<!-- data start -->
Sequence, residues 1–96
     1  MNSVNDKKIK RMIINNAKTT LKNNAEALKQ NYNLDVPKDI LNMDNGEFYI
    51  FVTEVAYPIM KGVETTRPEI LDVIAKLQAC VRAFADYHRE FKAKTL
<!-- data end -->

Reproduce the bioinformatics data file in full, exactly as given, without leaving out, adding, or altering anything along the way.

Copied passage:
Sequence, residues 1–96
     1  MNSVNDKKIK RMIINNAKTT LKNNAEALKQ NYNLDVPKDI LNMDNGEFYI
    51  FVTEVAYPIM KGVETTRPEI LDVIAKLQAC VRAFADYHRE FKAKTL